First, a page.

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http://dx.doi.org/10.1016/j.amjcard.2021.02.040DOI Listing
June 2021

Transcatheter Aortic Valve Replacement in Bicuspid Aortic Valve Stenosis.

Circulation 2021 Mar 8;143(10):1043-1061. Epub 2021 Mar 8.

Centre Hospitalier Universitaire de Lille, Institut Cœur Poumon, Cardiology, Department of Interventional Cardiology for Coronary, Valves and Structural Heart Diseases (F.V., T.D., C.D., N.D., B.V., B.S., T.P., H.S., G.S., E.VB.).

After 15 years of successive randomized, controlled trials, indications for transcatheter aortic valve replacement (TAVR) are rapidly expanding. In the coming years, this procedure could become the first line treatment for patients with a symptomatic severe aortic stenosis and a tricuspid aortic valve anatomy. However, randomized, controlled trials have excluded bicuspid aortic valve (BAV), which is the most frequent congenital heart disease occurring in 1% to 2% of the total population and representing at least 25% of patients 80 years of age or older referred for aortic valve replacement. The use of a less invasive transcatheter therapy in this elderly population became rapidly attractive, and approximately 10% of patients currently undergoing TAVR have a BAV. The U.S. Food and Drug Administration and the "European Conformity" have approved TAVR for low-risk patients regardless of the aortic valve anatomy whereas international guidelines recommend surgical replacement in BAV populations. Given this progressive expansion of TAVR toward younger and lower-risk patients, heart teams are encountering BAV patients more frequently, while the ability of this therapy to treat such a challenging anatomy remains uncertain. This review will address the singularity of BAV anatomy and associated technical challenges for the TAVR procedure. We will examine and summarize available clinical evidence and highlight critical knowledge gaps regarding TAVR utilization in BAV patients. We will provide a comprehensive overview of the role of computed tomography scans in the diagnosis, and classification of BAV and TAVR procedure planning. Overall, we will offer an integrated framework for understanding the current role of TAVR in the treatment of bicuspid aortic stenosis and for guiding physicians in clinical decision-making.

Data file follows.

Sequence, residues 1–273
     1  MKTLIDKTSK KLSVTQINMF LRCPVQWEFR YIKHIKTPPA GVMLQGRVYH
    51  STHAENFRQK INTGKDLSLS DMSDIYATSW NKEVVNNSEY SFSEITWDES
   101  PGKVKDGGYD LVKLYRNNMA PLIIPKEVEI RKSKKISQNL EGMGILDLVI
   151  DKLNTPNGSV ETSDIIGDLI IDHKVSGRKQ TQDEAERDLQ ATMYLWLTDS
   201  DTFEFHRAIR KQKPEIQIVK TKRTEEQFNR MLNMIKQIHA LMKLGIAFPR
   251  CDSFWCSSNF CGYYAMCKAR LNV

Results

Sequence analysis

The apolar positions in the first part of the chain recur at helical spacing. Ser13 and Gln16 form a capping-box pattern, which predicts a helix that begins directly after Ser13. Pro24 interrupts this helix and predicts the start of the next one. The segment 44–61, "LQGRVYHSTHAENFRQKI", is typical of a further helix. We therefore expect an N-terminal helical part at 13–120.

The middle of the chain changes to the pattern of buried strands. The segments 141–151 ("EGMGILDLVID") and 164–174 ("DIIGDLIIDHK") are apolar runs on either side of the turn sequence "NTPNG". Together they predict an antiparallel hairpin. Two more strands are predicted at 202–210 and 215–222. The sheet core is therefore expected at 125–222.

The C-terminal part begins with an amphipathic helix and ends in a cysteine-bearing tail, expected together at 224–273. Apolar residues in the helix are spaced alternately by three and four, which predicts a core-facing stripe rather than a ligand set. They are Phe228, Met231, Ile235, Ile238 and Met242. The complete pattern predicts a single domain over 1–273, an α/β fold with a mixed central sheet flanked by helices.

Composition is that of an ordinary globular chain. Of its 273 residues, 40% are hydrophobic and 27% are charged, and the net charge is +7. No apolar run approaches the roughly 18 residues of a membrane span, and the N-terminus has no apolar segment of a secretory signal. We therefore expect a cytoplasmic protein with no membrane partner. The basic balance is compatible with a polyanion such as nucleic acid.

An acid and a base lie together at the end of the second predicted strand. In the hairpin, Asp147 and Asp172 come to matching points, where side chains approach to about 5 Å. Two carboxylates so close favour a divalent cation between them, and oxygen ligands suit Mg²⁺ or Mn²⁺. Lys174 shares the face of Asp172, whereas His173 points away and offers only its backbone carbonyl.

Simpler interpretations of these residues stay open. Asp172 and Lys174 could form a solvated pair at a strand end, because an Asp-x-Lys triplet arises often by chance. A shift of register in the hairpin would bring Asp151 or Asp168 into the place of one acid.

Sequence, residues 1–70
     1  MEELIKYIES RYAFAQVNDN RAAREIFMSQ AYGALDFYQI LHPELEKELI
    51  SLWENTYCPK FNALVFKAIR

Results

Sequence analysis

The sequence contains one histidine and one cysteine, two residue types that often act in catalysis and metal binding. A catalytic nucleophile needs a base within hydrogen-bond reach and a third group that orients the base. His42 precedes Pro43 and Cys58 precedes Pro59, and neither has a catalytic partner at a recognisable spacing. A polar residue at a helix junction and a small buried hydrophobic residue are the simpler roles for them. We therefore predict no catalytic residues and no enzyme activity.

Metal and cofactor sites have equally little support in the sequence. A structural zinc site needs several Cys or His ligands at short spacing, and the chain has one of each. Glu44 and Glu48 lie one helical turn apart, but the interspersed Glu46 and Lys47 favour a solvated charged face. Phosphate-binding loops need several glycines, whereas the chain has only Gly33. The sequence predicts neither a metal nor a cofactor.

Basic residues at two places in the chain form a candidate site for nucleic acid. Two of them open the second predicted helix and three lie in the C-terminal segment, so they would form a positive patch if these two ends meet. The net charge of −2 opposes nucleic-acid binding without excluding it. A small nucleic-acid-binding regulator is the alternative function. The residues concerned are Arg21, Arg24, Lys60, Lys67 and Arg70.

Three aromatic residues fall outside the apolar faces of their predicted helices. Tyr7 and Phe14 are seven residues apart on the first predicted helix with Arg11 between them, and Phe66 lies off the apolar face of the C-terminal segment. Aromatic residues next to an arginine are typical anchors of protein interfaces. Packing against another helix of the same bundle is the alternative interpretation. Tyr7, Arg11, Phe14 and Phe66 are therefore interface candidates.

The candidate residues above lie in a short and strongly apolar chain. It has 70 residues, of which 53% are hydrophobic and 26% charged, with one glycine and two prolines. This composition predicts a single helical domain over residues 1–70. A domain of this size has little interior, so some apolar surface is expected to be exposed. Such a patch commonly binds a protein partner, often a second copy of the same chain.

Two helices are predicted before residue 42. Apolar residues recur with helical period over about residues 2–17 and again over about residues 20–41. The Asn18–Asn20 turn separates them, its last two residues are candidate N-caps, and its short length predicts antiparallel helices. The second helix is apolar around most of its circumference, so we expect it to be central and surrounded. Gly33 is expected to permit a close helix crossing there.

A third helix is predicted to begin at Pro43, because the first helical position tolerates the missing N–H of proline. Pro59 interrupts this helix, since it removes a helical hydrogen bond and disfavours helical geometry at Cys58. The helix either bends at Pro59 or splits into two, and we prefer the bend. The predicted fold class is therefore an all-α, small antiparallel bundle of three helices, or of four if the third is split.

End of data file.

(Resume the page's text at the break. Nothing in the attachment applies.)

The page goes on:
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http://dx.doi.org/10.1161/CIRCULATIONAHA.120.048048DOI Listing
March 2021

Outcomes 2 Years After Transcatheter Aortic Valve Replacement in Patients at Low Surgical Risk.

J Am Coll Cardiol 2021 Mar;77(9):1149-1161

Department of Medicine, Laval University, Quebec, Quebec, Canada.

Background: In low surgical risk patients with symptomatic severe aortic stenosis, the PARTNER 3 (Safety and Effectiveness of the SAPIEN 3 Transcatheter Heart Valve in Low Risk Patients With Aortic Stenosis) trial demonstrated superiority of transcatheter aortic valve replacement (TAVR) versus surgery for the primary endpoint of death, stroke, or re-hospitalization at 1 year.

Objectives: This study determined both clinical and echocardiographic outcomes between 1 and 2 years in the PARTNER 3 trial.

Methods: This study randomly assigned 1,000 patients (1:1) to transfemoral TAVR with the SAPIEN 3 valve versus surgery (mean Society of Thoracic Surgeons score: 1.9%; mean age: 73 years) with clinical and echocardiography follow-up at 30 days and at 1 and 2 years. This study assessed 2-year rates of the primary endpoint and several secondary endpoints (clinical, echocardiography, and quality-of-life measures) in this as-treated analysis.

Results: Primary endpoint follow-up at 2 years was available in 96.5% of patients. The 2-year primary endpoint was significantly reduced after TAVR versus surgery (11.5% vs. 17.4%; hazard ratio: 0.63; 95% confidence interval: 0.45 to 0.88; p = 0.007). Differences in death and stroke favoring TAVR at 1 year were not statistically significant at 2 years (death: TAVR 2.4% vs. surgery 3.2%; p = 0.47; stroke: TAVR 2.4% vs. surgery 3.6%; p = 0.28). Valve thrombosis at 2 years was increased after TAVR (2.6%; 13 events) compared with surgery (0.7%; 3 events; p = 0.02). Disease-specific health status continued to be better after TAVR versus surgery through 2 years. Echocardiographic findings, including hemodynamic valve deterioration and bioprosthetic valve failure, were similar for TAVR and surgery at 2 years.

Conclusions: At 2 years, the primary endpoint remained significantly lower with TAVR versus surgery, but initial differences in death and stroke favoring TAVR were diminished and patients who underwent TAVR had increased valve thrombosis. (Safety and Effectiveness of the SAPIEN 3 Transcatheter Heart Valve in Low Risk Patients With Aortic Stenosis [PARTNER 3]; NCT02675114).
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http://dx.doi.org/10.1016/j.jacc.2020.12.052DOI Listing
March 2021

Predicting leaflet thrombosis: Is the clue in the blood?

Ann Thorac Surg 2021 Feb 10. Epub 2021 Feb 10.

Department of Biomedical Engineering, Georgia Institute of Technology, 387 Technology Circle NW, Atlanta, GA 30313. Electronic address: